Steps to Take Now to Get a Jump on Next Year’s Taxes

Tax planning is for everyone. Get ready today to file your federal income tax return next year.

If you received a smaller refund than expected or owed an unanticipated tax bill this year, consider  adjusting your withholding to help protect against having too little tax withheld and facing an unexpected tax bill or penalty at tax time next year. Or, you may prefer less tax withheld up front and receive more in your paycheck.

Take these actions to get ready for next year:

  • Use the Tax Withholding Estimator to help make sure you have the right amount of tax withheld from your paycheck, pension or other income.
  • Submit a new  Form W-4, Employee's Withholding Allowance Certificate to your employer to change withholding. If you receive pension or annuity income, you can use the results from the estimator to complete a Form W-4P, Withholding Certificate for Pension or Annuity Payments and give it to your payer.
  • Some taxable income is not subject to withholding including self-employment and gig economy income.  People with this income who also have income from a job may want to adjust the amount of tax your employer withholds from your paycheck.
  • Make estimated or additional tax payments now if the tax withheld from your salary, pension or other income doesn’t cover the 2019 income tax that you’ll owe for the year.  Form 1040-ES, Estimated Tax for Individuals also has a worksheet to help you figure your estimated payments. Visit IRS.gov/payments to explore payment options.  

Combining direct deposit with electronic filing is the fastest way for you to get your refund. When your refund is deposited directly into your bank account, there’s no reason to worry about a lost, stolen or undeliverable refund check.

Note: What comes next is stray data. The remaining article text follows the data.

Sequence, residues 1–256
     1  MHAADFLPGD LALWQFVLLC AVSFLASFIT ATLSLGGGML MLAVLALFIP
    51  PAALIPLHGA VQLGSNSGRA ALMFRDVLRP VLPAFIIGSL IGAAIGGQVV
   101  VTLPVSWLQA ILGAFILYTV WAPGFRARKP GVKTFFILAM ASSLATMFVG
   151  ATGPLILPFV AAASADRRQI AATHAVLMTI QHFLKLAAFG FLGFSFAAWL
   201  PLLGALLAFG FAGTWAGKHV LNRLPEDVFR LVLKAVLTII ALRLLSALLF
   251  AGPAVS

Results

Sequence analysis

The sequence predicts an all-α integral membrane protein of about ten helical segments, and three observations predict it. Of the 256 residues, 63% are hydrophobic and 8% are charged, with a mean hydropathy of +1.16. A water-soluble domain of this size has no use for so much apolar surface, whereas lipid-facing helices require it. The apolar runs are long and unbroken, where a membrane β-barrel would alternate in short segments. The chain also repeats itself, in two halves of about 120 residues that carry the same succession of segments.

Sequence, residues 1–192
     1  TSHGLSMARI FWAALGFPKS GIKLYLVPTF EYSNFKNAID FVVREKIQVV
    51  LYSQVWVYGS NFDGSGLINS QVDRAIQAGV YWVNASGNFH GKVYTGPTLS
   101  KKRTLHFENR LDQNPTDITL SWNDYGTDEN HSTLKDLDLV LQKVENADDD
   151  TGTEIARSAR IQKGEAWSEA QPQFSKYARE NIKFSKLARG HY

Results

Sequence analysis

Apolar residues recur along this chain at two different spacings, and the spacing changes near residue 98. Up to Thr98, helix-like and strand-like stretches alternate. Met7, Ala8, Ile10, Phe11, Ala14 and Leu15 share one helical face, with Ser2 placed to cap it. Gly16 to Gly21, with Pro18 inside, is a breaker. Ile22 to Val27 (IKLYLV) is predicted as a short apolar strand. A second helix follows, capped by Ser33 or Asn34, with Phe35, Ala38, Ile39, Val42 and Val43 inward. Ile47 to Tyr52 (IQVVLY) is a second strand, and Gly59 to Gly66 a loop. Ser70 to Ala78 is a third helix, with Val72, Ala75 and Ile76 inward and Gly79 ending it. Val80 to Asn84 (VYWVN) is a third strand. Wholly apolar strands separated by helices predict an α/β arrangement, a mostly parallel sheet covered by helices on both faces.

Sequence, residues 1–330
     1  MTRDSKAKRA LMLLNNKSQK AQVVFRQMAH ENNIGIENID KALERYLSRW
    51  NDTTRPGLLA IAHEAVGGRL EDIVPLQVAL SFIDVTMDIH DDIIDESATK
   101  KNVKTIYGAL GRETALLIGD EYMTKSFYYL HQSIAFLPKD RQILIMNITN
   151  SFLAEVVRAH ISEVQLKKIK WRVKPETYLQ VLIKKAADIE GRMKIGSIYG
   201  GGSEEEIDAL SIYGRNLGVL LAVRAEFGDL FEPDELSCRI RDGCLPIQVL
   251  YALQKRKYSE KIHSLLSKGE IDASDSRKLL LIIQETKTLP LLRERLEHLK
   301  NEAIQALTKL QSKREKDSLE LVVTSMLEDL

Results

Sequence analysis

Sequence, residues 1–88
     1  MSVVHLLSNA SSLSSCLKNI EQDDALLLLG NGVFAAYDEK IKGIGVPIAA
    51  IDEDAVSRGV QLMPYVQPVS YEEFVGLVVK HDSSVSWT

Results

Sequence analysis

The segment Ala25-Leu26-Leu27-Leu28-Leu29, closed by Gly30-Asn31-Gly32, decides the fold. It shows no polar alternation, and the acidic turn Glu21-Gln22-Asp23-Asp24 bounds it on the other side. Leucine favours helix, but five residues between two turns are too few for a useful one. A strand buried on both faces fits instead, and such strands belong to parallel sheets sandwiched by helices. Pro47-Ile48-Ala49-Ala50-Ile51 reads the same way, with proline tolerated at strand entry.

Different factors can affect your refund. Be careful not to count on getting a refund by a certain date, especially when making major purchases or paying other financial obligations. If you claim the Earned Income Tax Credit or Additional Child Tax Credit, the IRS cannot issue refunds before mid-February. See IRS.gov/Refunds for more information.

If you use an ITIN to file, make sure it hasn’t expired. Visit IRS.gov/ITIN for more information.

Gather your records. Develop a recordkeeping system - electronic or paper - that keeps important information in one place. Add tax records to the files as you receive them. Having all the needed documents on hand before you start to prepare your return helps you file a complete and accurate tax return.

This includes year-end Forms W-2 from employers, Forms 1099 from banks and other payers, other income documents, virtual currency transactions and Forms 1095-A from the Marketplace for those claiming the Premium Tax Credit. You should confirm that each employer, bank or other payer has your current mailing address. Typically, these forms start arriving by mail in January. Review them over carefully and, if any of the information shown is inaccurate, contact the payer right away for a correction.

View your account information to see information from your most recently filed tax return. Notify the IRS if your address changes and notify the Social Security Administration of a legal name change to avoid a delay in processing your tax return.

If you’re using the same tax software you used last year, you will not need to enter your prior year information to electronically sign your 2019 tax return. If you are using a software product for the first time, you will need your 2018 Adjusted Gross Income (AGI) to sign your return. Learn how to get your AGI, verify your identity and electronically sign your e-file return.
 

Start with IRS.gov for help that includes tools, filing options and other services and resources. Taxpayers increasingly use IRS.gov as their first resource for tax matters. Information in languages other than English is available under the Language tab on IRS.gov.

Publication 5136, IRS Services Guide (PDF)
A listing of IRS services.

Let us help you
Additional resources where you can get answers for various tax questions.

Taxpayer Assistance Centers
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IRS Tax Volunteers
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